Many book critiques today would agree with the assumption that The Hunger Games is more than just a story about two young heroes that face various challenges and eventually fall in love. It can be obviously recognized that The Hunger Games as a novel is Suzanne Collins's successful commentary on modern-day society.
Florida State University's English Department seems to have caught on quickly, as they're already analyzing the dystopian world that is Panem, the makeup of all the districts in the universe of The Hunger Games. Although it is not immediately apparent, the plot that Collins has magnificently crafted within this trilogy provides a critique of various aspects of culture through its depiction of "The Capitol" and the reality show within the novel that is "The Hunger Games." Some of these aspects include the obsession with outer beauty, obsession with reality television, and of course, wealth versus poverty. The people of the Capitol, the richest of the districts within the book, are depicted as shallow people who care only about themselves, how they look and what they wear. Collins uses literary imagery that appeals to the creativity of the reader and is able to create a distinct image of the people within the Capitol. The result is revolting. Collins may be trying to take these same feelings and maybe hint at the possibility of associating them with the high-class politicians of today's age.
The Hunger Games take the concept of "reality TV" and successfully blows it up in society's face. The book depicts a culture whose most epic form of entertainment is watching teenagers brutally kill each other. What is Collins trying to tell us? Are we blind to the very fact that our entertainment today is elevating due to popular demand, and soon we won't have control? Shows like Fear Factor and Ninja Warrior are only primitive examples of violent, revolting, and action-based reality TV. People need to take a step back and realize that if these types of exaggerated media were to evolve into something bigger and a bit more ludicrous -- based on historical data showing the magnitude of violence in films and video games today -- who says that a reality TV show in which kids come together and fight to the death is really out of modern-day society's reach?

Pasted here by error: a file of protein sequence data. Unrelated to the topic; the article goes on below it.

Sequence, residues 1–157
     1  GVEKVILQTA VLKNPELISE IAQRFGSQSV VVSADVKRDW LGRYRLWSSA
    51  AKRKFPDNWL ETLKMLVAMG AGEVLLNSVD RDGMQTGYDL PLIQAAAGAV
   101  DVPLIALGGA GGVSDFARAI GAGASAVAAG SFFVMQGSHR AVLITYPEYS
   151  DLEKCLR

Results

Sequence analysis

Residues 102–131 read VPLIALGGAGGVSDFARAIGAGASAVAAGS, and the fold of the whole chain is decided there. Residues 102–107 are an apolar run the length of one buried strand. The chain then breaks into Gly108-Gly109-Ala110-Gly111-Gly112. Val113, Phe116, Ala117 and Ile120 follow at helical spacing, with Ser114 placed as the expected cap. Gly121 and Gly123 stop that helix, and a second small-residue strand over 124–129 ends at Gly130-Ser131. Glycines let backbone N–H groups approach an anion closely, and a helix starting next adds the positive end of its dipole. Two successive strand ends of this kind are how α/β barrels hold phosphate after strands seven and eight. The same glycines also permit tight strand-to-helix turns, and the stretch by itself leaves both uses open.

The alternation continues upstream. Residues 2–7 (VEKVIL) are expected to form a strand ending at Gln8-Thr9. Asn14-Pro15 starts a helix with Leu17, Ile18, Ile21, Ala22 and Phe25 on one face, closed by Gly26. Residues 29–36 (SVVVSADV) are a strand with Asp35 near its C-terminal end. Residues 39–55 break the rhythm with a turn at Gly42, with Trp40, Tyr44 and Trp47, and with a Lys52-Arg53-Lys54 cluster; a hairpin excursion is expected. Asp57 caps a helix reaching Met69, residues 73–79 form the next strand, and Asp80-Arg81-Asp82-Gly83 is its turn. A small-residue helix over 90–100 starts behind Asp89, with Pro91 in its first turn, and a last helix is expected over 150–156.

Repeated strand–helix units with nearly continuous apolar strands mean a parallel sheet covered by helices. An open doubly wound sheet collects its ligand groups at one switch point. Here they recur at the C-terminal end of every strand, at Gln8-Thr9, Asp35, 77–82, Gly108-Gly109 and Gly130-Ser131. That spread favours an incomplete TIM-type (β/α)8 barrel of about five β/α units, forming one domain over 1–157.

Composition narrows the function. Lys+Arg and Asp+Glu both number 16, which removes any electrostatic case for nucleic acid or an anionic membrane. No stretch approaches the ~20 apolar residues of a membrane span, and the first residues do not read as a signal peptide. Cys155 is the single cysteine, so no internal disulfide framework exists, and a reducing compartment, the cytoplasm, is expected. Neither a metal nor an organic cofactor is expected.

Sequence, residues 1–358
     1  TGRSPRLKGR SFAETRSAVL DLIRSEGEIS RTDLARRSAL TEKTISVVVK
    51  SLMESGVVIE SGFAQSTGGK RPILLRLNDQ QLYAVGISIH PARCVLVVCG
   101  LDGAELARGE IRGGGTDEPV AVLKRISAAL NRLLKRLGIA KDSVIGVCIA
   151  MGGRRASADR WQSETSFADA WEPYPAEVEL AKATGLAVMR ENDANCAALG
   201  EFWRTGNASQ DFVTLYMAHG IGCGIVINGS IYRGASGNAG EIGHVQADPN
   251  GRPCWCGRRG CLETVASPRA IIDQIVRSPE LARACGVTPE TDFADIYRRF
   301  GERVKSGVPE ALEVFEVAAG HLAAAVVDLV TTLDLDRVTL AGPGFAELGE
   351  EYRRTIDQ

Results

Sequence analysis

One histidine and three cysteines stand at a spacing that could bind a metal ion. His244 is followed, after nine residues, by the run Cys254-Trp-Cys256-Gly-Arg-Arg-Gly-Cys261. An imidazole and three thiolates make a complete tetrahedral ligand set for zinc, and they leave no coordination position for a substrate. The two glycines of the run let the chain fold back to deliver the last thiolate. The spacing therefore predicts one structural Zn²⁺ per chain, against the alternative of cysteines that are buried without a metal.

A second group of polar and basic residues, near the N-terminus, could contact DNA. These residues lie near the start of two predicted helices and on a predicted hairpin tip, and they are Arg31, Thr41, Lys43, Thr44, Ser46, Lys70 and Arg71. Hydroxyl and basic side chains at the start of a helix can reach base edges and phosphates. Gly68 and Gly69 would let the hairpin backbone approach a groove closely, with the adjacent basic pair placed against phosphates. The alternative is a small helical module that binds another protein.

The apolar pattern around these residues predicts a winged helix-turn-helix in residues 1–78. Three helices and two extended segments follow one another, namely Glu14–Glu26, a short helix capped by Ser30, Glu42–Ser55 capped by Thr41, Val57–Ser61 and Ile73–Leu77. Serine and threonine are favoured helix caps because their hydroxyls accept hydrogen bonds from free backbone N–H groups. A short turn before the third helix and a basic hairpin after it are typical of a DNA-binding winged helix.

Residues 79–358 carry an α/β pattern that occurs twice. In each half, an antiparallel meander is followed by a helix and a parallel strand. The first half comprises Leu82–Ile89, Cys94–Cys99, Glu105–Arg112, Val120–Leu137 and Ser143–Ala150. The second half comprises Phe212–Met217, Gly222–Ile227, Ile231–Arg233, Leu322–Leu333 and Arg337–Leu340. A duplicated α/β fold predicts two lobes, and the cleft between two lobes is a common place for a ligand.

"In a way, the Hunger Games are a portrayal of reality TV," says British School of Chicago freshman Drew Pearson. "I think it's meant to symbolize random people being chosen for the audience's amusement, and they can be exploited or praised for their qualities, be it physical, mental, or emotional."
Some teens find obvious links between the event of the Hunger Games and events in the present or in history, not just reality TV.
"I guess I would compare it to the war of the flowers in Tenochtitlan at the time of the Aztecs," says Frani O'Toole, freshman. "They would choose tributes from the different tribes to compete and it was all intended to make the rest of the tribes follow the Aztecs."
Although some teenagers agree with the views presented in the book, others may not fully understand the points being made.
"I think that kids don't realize it because they're caught up in the fantasy and plot, but after the first read, they begin to question it," says Isabel Gilles, junior at Fremd High School.
Still others disagree and instead believe that readers who are interested enough can spot the book's underlying messages.
"I think that the message is not missed on the audience of a certain age," says Francis W. Parker freshman Molly McGaan. "Obviously, my eight-year-old brother didn't get that message when he read them, but a teen or adult can pick up on it pretty easily."
The Hunger Games trilogy is an exciting collection of books and a story that will have the reader hooked. But next time you open up one of the books, do me a favor and try to pick out the messages displayed between the lines. Suzanne Collins' trilogy may be compared to 1984 by George Orwell or even Fahrenheit 451 by Ray Bradbury. People should wake up to the inevitable messages being screamed out from within. People of this generation hopefully will not accept and embrace the monster that society is slowly turning into. That is one thing we don't want.
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